Hackers Answered Ukraine’s Call For Help Against Russia

When the Russian military invaded Ukraine in a blitzkrieg of heavy weaponry, pro-Ukraine hacktivists looking to take down www.mil.ru met with something unexpected: a 418 error in which a server declares it cannot complete your request because it is a teapot.

The teapot error is a decades-old April Fools’ joke occasionally repurposed to tell would-be hackers that their efforts have been foreseen and blocked. “It’s almost like giving a middle finger,” Amit Serper, the director of security research at Akamai, told BuzzFeed News. Akamai, like its competitor Cloudflare, runs much of the plumbing that supports the internet.

A few days later, the teapot error vanished, and mil.ru and websites of prominent Russian banks such as Gazprombank went dark for most internet users outside Russia. The government had geofenced key websites — meaning those outside the country couldn’t access these sites, and so couldn’t hack them.

“I assume the Russians realized that pretty much whatever they are trying to do to everyone else, the same thing can be done to them,” Serper said. “By geofencing you are making it impossible for someone outside Russia to reach all those targets.”

In other words, Russia had expected retaliation for its invasion of Ukraine and had already preempted the cyberattacks it suspected were coming — and come they did.

A day after the invasion began, Reuters reported that a prominent Ukrainian entrepreneur was working closely with his government to assemble a phalanx of volunteers for cyber offense and cyber defense. While the offense would

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Russian Troops At Ukraine Border Satellite Photos

This weekend, Russia’s military held live-fire tank exercises with 1,500 soldiers in those areas and others nearby. The Russian Federal Security Service, the FSB, intercepted a Ukrainian navy vessel in the Sea of ​​Azov that it claimed was carrying out a “provocation.” And Putin, the Kremlin, and the country’s state-run media pumped out more bellicose rhetoric.

White House national security adviser Jake Sullivan told reporters this week that Putin hasn’t made a decision as to whether he will launch another large-scale invasion of Ukraine. But US intelligence and military analysts warn that he has plenty of Russian forces in place if he should decide to do so.

“There isn’t any indication that Russia is moving forces away from Ukraine, but there is evidence that Russia is continuing to send more ground forces near the border,” Rob Lee, a Russian military expert and PhD candidate at the King’s College London War Studies Department, told BuzzFeed News. “I would expect this means Russia will retain an enhanced military posture near Ukraine for the foreseeable future … even if they don’t escalate in Ukraine.”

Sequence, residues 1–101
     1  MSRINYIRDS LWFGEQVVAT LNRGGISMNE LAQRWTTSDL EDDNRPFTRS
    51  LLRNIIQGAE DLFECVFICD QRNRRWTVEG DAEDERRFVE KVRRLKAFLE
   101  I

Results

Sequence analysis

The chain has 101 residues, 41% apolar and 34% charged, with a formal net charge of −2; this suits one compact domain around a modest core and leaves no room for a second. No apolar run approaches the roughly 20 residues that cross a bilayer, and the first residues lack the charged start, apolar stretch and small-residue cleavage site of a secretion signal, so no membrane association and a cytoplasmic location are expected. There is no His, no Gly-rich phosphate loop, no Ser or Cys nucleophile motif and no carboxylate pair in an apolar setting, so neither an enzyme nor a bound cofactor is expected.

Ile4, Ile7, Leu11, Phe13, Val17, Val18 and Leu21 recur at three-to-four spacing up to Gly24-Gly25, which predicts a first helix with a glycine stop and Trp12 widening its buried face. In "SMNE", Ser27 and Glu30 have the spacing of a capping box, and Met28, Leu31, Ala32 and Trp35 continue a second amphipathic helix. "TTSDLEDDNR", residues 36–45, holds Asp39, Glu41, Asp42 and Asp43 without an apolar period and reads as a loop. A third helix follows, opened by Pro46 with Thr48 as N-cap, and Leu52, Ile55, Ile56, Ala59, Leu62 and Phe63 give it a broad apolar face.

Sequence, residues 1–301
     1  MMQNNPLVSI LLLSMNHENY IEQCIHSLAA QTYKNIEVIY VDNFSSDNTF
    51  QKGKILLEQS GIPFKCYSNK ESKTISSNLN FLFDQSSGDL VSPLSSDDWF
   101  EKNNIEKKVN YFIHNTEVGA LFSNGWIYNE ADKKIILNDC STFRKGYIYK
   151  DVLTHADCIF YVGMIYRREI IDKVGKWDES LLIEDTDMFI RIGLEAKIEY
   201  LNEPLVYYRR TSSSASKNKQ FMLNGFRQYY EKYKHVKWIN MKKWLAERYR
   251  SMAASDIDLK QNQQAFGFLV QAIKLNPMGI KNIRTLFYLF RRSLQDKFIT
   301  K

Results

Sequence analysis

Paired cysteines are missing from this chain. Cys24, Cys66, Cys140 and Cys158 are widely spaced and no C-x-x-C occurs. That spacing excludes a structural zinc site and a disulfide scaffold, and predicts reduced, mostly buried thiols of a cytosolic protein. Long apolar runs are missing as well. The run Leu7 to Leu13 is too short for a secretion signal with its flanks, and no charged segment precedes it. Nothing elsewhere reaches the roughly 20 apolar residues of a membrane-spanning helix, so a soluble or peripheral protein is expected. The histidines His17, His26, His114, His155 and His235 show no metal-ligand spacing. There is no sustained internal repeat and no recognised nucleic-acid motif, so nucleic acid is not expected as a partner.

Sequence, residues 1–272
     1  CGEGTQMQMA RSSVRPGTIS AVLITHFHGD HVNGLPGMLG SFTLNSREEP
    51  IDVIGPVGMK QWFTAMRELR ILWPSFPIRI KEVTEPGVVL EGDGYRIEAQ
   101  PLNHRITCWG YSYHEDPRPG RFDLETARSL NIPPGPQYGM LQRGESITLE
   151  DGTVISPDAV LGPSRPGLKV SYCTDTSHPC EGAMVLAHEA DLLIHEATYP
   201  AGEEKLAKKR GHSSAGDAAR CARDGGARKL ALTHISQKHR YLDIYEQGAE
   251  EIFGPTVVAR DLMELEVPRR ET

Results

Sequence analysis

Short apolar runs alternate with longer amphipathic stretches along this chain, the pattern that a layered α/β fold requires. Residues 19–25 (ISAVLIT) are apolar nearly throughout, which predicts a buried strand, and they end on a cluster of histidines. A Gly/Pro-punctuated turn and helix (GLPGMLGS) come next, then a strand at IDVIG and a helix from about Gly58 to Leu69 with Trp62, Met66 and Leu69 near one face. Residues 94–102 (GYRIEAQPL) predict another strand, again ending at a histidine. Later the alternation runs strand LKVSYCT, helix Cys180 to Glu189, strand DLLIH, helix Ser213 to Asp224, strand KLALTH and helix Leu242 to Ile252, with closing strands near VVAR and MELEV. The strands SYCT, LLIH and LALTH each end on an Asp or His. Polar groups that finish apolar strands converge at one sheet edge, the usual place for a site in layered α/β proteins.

Konrad Muzyka, a defense analyst focused on Russia and Belarus, analyzed the Maxar Technologies images for BuzzFeed News. He said that Russia had created a new regiment within its 3rd Motor Rifle Division and that group likely accounted for much of the increase of troops and equipment in Soloti seen in the satellite images between Sept. 7 and Dec. 5. That was two days before President Joe Biden’s call

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Ukrainian Surgeon Operates On Wounded Russian Soldiers

The devastation Russia’s war has wrought is not lost on Vitaliy.

“But we do our job because it’s our job and our duty,” he said, referring to the Hippocratic oath by which medical professionals abide. “And, of course, after they recover we can exchange them. So I tell myself that this can help to get Ukrainian soldiers back.”

Both Russia and Ukraine have taken prisoners of war since Putin’s invasion began 12 days ago. The Ukrainian side has captured at least 245 Russian troops, according to a website affiliated with the Main Intelligence Directorate of the Ministry of Defense of Ukraine.

Kyiv has also posted an open call to the mothers of captured Russian soldiers to come retrieve them and take them home. According to the Ukraine Ministry of Defense Facebook page, Russian prisoners of war will be released to their mothers if the women personally travel to Kyiv to meet their sons in person.

“We, Ukrainian people, in contrast to Putin’s fascists, do not make war with mothers and their captured sons,” the ministry said.

But Ukraine has also published several ghastly videos of captured Russian troops that experts in international humanitarian law said might violate the Geneva Conventions.

In one video, a Russian soldier with tape wrapped around his head to cover his eyes is forced to call his parents to tell them he had been captured. “Nobody knows anything. They just ordered us to invade Ukraine,” he tells them.

Another video shows two heavily wounded Russian servicemen

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